Home Topics Body And Health Mannequins Made Real: How Nike’s New Mannequins Support Body Diversity In Sports
Mannequins Made Real: How Nike’s New Mannequins Support Body Diversity In Sports

Mannequins Made Real: How Nike’s New Mannequins Support Body Diversity In Sports

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This past week, Nike introduced plus-size and para-sport mannequins to its flagship store in London. According to CNN, Nike’s press release stated, “To celebrate the diversity and inclusivity of sport, the space will not just celebrate local elite and grassroot athletes through visual content, but also show Nike plus size and para-sport mannequins for the first time on a retail space.”

Nike supporting body diversity is important because it acknowledges that athletes come in all shapes and sizes. A one-size model does not fit all, despite the popular notion that an athlete needs to look a certain way in order to be fit or in shape. How athletes view their bodies impacts their sport.

Warning signs of an eating disorder include:

  • Obsessing about weight, dieting, or calories.
  • Practicing a new diet fad with religious fervor.
  • Engaging in rituals surrounding food or refusing to eat certain foods.
  • Withdrawal from friends and family.
  • Fluctuation in weight and mood.

However, even if these symptoms are not reflective of a full-blown eating disorder, it is common for people to engage with disordered eating at some point over their life-time. This may include restriction, purging, and over-exercising.

Being an athlete requires discipline. Discipline and hard work can morph into obsession, which is why a study conducted on Division 1 NCAA athletes found that “over one-third of female athletes reported attitudes and symptoms” that put them at risk for anorexia nervosa. Another study that was conducted on Division II college athletes reported that “25% had disordered eating, 26% reported menstrual dysfunction, 10% had low bone mineral density, and 2.6% had all three symptoms.” In support of these findings, the study “Female Collegiate Athletes: Prevalence of Eating Disorders and Disordered Eating Behaviors. Journal of American College Health” found that 25.5% of the college athletes that they surveyed had subclinical eating disorder symptoms. Of course, eating disorders were most prevalent in high level college athletes, dancers, and sports like figure skating, wrestling, and rowing since there is an emphasis on weight or size.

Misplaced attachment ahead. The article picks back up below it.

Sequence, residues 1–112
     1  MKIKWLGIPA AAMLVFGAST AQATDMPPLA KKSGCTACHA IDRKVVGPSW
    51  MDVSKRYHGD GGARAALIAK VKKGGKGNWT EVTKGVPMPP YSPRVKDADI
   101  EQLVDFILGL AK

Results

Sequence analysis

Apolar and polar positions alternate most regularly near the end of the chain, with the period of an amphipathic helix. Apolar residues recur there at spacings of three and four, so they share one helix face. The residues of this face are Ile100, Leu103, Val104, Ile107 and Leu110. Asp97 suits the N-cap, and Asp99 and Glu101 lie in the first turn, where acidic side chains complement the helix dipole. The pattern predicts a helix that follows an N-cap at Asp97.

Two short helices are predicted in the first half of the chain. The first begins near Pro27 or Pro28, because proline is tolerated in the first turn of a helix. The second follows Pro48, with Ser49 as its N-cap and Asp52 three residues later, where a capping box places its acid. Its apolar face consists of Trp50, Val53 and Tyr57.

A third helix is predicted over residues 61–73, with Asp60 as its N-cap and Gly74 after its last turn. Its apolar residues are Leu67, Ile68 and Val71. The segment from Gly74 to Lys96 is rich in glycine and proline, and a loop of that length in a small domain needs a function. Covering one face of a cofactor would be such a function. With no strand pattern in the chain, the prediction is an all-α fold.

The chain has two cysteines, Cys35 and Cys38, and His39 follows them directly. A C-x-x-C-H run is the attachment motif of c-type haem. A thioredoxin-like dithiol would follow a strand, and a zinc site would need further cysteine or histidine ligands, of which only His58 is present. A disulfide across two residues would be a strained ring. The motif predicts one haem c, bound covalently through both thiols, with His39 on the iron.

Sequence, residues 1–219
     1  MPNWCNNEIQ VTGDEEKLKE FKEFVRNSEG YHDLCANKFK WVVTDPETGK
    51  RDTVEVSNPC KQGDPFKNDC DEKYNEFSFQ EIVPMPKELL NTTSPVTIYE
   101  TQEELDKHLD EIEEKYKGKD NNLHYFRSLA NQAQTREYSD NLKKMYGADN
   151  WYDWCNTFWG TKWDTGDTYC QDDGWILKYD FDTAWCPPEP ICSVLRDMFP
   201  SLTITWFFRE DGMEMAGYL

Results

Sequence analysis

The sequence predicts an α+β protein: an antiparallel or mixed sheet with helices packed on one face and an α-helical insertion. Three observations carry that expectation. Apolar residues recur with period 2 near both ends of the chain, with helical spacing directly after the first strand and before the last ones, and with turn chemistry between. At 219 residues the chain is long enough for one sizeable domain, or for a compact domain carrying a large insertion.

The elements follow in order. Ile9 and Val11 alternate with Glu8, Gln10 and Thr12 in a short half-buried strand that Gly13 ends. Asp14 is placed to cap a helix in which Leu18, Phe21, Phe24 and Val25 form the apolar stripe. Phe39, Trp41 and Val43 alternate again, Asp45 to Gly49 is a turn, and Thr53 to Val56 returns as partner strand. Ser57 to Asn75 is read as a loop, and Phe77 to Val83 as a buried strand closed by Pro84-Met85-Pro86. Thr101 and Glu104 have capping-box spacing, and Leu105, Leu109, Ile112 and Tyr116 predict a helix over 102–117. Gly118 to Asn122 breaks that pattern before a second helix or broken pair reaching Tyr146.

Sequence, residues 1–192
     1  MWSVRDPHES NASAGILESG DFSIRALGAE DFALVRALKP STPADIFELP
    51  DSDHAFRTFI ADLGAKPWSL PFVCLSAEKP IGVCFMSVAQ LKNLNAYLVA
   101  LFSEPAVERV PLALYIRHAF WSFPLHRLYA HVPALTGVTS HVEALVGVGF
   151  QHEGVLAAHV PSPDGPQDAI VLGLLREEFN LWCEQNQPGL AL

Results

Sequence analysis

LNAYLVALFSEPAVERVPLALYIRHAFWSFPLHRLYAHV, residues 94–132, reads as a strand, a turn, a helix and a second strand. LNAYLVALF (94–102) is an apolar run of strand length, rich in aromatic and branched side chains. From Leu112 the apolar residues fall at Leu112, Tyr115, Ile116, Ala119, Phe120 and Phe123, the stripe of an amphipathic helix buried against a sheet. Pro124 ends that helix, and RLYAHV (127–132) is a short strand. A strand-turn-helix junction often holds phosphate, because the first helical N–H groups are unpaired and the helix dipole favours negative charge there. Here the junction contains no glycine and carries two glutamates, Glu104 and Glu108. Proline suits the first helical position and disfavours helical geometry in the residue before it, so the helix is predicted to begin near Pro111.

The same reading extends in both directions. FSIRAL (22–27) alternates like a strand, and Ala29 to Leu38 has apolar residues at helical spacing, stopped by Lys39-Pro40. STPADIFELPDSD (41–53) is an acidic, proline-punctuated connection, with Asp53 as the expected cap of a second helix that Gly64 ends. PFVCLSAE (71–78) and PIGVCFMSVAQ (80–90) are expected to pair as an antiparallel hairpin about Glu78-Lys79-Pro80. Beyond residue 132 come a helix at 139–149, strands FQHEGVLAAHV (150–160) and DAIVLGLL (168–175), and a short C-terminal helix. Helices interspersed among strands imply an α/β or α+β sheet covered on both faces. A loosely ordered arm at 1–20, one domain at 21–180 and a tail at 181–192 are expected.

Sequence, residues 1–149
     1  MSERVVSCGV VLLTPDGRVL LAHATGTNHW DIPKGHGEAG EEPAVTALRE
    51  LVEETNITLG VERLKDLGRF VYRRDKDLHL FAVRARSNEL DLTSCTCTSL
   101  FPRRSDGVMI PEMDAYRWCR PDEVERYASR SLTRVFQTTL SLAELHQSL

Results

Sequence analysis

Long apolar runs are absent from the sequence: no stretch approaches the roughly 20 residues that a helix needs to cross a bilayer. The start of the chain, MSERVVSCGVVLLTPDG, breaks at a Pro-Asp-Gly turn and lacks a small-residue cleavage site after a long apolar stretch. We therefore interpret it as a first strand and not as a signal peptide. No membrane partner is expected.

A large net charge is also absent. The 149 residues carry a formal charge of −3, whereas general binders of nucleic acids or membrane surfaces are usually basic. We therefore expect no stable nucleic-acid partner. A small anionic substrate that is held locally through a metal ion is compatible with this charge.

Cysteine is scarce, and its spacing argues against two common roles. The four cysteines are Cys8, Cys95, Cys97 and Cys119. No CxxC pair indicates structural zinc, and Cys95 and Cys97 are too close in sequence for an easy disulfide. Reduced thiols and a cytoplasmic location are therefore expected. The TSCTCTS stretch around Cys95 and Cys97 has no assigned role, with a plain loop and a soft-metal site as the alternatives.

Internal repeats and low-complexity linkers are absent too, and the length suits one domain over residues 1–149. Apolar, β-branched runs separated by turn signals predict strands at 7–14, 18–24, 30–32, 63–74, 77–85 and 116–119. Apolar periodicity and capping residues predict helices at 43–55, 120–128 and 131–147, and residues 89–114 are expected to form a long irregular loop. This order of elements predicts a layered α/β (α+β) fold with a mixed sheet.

But this isn’t just a phenomena among college athletes. A study titled, “Associations Between Disordered Eating, Menstrual Dysfunction, and Musculoskeletal Injury Among High School Athletes. Yearbook of Sports Medicine” found that 41.5% of female high school athletes in aesthetic sports engaged in disordered eating. And because of their strained relationships with food and their bodies, they were eight times more likely to become injured than an athlete who did not report disordered eating.

Even though eating disorders are viewed as a feminized phenomena, men are at risk as well. Especially in sports that focus on weight and size. According to NEDA’s website, “In weight-class sports (wrestling, rowing, horseracing) and aesthetic sports (bodybuilding, gymnastics, swimming, diving) about 33% of male athletes are affected.”

Body image does not just affect women, it affects everyone. Nike has made a stride in the right direction this week, however in order to reach all athletes, they’ll have to include plus-size and para-sport mannequins throughout every floor of every store.

Paulina Pinsky Paulina Pinsky was born and raised in Pasadena, California. She spent her childhood and teens figure skating, dancing, musical theater, and cheerleading.  Paulina moved to New York City, where she attended Barnard College of Columbia University and received her B.A. in American Studies with a concentration in Media and Popular Culture.  After graduating, Paulina moved to Chicago to study improvised and sketch comedy at The Second City Conservatory in 2015.  Paulina is currently a Non-fiction Creative Writing MFA Candidate at Columbia University.  Despite the degree, she likes to believe she still has a sense of humor. She lives in Brooklyn with her cat, Jack.
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